Over the weekend, British politician and former boxing manager Frank Maloney came out as transgender in an interview with the Mirror. Best known for managing former heavyweight champion Lennox Lewis from 1989 through 2001, Maloney, who has changed her name to Kellie, officially retired from the boxing world last October.
One could attempt to parse the 62-year-old's past statements about LGBT individuals (she previously said that she does not believe gay people "do a lot for society," and that she had a problem with them "flaunting their sexuality") and conclude that she's a hypocrite. While that is certainly within the realm of possibility, it's just as likely that her public disdain for LGBT individuals stemmed from her own internalized transphobia and homophobia. (In no way would this excuse Maloney's past homophobia, obviously.)
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According to reports, Maloney came out publicly only after learning that at least two newspapers were planning to tell her story without her input. It shouldn't surprise anyone that Maloney was forced to out herself as a means of staying ahead of the public story. Sadly, this happens far too often in the sports world.
In March 2013, MMA fighter Fallon Fox came out as transgender in an interview with Outsports' Cyd Zeigler. As was the case for Maloney, Fox came out only after receiving calls from at least one reporter set on outing her publicly.
"For years I've known at some point it's very likely the shoe would drop," Fox told Outsports.
What followed was a public gauntlet. Comedian and MMA commentator Joe Rogan went on a lengthy rant about Fox, referring to her as a "man" and a "freak," and accusing her of having an unfair advantage over fighters who were assigned female at birth. Potential opponents, fans, state licensure boards and members of the general public opined on whether or not she should be allowed to compete. Crowds at matches would hurl transphobic slurs and demeaning insults her way, chipping away at her emotionally.
Of course, the accusations of an unfair advantage were baseless.
"If an individual is on female hormones, and she's been on them for several years, the hormones decrease the muscle mass, bone density, strength, libido and aggression," surgeon Sherman Leis said in an interview with MMA news site Bloody Elbow. "Those things are attributed to testosterone, and if she no longer produces testosterone, then she would have the level that an average female would have. She's been doing [hormone therapy] for so many years that she probably does not have a significant advantage, if any at all." Leis also said that Fox "more than likely has the muscle mass, bone density and strength of most females."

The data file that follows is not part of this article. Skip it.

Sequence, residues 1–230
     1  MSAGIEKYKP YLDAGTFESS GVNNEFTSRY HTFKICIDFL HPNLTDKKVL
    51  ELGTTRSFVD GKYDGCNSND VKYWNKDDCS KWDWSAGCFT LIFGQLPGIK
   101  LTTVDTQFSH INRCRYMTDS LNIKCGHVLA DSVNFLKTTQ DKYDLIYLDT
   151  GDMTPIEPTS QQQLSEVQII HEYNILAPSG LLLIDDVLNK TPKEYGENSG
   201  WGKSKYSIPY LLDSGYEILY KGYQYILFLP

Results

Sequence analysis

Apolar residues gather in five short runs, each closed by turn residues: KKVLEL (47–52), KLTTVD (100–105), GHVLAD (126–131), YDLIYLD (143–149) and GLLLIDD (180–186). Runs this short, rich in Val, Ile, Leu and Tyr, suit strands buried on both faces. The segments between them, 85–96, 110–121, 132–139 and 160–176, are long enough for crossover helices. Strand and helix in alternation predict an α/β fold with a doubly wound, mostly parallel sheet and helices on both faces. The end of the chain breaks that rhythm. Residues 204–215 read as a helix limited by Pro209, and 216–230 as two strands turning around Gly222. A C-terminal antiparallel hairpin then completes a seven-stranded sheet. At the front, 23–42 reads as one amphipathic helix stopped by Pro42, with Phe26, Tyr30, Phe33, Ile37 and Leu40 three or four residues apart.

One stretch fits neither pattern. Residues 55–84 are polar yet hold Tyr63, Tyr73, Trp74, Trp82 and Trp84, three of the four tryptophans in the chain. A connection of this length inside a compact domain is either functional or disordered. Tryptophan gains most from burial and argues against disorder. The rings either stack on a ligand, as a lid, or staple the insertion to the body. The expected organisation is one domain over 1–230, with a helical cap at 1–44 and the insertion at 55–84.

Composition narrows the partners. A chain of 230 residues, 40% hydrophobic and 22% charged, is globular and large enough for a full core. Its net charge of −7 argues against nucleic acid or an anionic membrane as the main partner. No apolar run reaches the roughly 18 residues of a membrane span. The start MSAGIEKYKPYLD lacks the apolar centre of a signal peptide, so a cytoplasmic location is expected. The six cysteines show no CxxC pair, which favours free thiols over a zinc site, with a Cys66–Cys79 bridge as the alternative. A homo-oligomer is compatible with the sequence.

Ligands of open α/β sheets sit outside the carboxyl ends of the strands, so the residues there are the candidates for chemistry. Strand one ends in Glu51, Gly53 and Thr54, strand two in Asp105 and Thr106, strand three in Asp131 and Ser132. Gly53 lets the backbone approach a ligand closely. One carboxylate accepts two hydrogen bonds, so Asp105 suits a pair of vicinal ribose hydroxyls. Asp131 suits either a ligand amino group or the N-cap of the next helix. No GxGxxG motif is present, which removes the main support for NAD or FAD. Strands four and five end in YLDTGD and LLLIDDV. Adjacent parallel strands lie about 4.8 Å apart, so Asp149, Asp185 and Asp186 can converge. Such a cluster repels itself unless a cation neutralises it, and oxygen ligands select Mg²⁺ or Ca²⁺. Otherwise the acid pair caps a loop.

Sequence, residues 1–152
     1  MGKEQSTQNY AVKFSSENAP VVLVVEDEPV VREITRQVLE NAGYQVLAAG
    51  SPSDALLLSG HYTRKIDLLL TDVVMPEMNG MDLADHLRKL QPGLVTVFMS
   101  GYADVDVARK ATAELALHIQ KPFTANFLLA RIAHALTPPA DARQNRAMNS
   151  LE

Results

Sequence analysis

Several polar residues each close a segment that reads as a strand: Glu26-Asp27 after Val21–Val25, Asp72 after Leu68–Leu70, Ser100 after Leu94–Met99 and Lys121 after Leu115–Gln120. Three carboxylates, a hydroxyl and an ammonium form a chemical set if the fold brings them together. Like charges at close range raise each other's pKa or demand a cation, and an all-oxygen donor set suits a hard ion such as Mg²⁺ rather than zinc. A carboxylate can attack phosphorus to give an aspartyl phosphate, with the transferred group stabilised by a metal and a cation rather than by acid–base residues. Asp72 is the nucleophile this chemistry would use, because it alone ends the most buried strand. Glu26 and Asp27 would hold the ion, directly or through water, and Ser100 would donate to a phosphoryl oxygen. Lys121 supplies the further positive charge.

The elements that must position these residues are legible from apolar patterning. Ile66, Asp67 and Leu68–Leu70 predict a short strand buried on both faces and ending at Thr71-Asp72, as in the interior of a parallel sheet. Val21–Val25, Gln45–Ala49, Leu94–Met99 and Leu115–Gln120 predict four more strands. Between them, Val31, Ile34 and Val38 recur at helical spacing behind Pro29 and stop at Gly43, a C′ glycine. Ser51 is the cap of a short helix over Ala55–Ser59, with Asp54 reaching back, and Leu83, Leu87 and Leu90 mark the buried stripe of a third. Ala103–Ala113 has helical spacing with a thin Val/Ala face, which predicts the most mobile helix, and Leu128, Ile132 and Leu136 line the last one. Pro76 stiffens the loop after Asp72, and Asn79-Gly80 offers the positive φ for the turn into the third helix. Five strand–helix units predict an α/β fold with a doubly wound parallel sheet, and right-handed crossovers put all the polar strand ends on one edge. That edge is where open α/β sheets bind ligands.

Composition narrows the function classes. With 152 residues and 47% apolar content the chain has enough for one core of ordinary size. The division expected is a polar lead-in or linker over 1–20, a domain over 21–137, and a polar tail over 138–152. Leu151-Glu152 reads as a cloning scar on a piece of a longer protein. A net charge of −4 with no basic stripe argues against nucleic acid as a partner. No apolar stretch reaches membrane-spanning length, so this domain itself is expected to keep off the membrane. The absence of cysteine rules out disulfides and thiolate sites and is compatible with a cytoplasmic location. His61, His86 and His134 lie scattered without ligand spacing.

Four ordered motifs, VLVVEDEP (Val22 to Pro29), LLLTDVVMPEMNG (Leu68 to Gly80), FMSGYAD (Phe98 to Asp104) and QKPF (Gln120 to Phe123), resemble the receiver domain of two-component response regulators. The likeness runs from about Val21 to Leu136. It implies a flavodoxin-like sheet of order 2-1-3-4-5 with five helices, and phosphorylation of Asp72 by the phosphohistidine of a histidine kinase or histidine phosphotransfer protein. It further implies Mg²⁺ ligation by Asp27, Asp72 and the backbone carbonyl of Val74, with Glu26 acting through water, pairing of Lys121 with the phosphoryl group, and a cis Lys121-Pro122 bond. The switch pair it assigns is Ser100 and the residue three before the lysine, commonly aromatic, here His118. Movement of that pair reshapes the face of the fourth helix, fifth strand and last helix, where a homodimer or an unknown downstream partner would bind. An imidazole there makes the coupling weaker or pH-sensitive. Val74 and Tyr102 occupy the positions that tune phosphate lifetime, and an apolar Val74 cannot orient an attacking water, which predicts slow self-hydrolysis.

Even so, the public remained skeptical, ignoring the consensus of major medical associations, the International Olympic Committee and the NCAA.
Earlier this year, 34-year-old CrossFit athlete Chloie Jonsson was disqualified from the 2014 CrossFit Games after organizers learned about her transgender status.
"We have simply ruled that based upon [Chloie] being born as a male, she will need to compete in the Men's Division," CrossFit general counsel Dale Saran said in a letter to Jonsson. "The fundamental, ineluctable fact is that a male competitor who has a sex reassignment procedure still has a genetic makeup that confers a physical and physiological advantage over women. ... Our decision has nothing to do with 'ignorance' or being bigots — it has to do with a very real understanding of the human genome, of fundamental biology, that you are either intentionally ignoring or missed in high school."
Saran's letter, which cites Encyclopedia Britannica for backup, has been debunked by medical experts like Eric Vilain, director of the Center for Gender-Based Biology and Chief Medical Genetics Department of Pediatrics at UCLA. "Research suggests that androgen deprivation and cross-sex hormone treatment in male-to-female transsexuals reduces muscle mass," Vilain said. "Accordingly, one year of hormone therapy is an appropriate transitional time before a male-to-female [athlete] competes on a women’s team."
In the end, Jonsson did not compete in this year's games, and her gender identity became the topic of daytime television debates.
This macho, ignorant attitude leveled against any athlete who dares to come out will prevent others from being open about who they are. As far as issues of sexism, homophobia and transphobia are concerned, the sporting world seems to be at least a decade behind the rest of the world, as evidenced by the NBA's first female assistant coach being hired just recently, the NBA's first gay player debuting just last season and Michael Sam becoming the first out gay man to be drafted by an NFL team.
We should strive for a world in which people like Maloney aren't forced to hide away, stewing in self-loathing. We should strive for a world in which trans athletes like Fox, Jonsson, Kye Allums, Bobbi Lancaster and Renee Richards are welcomed for who they are, and given the chance to compete without judgement or baseless accusations of advantage. As heartening as it is to see a public figure come forward as transgender, it's sad that we live in a world where that remains a newsworthy item.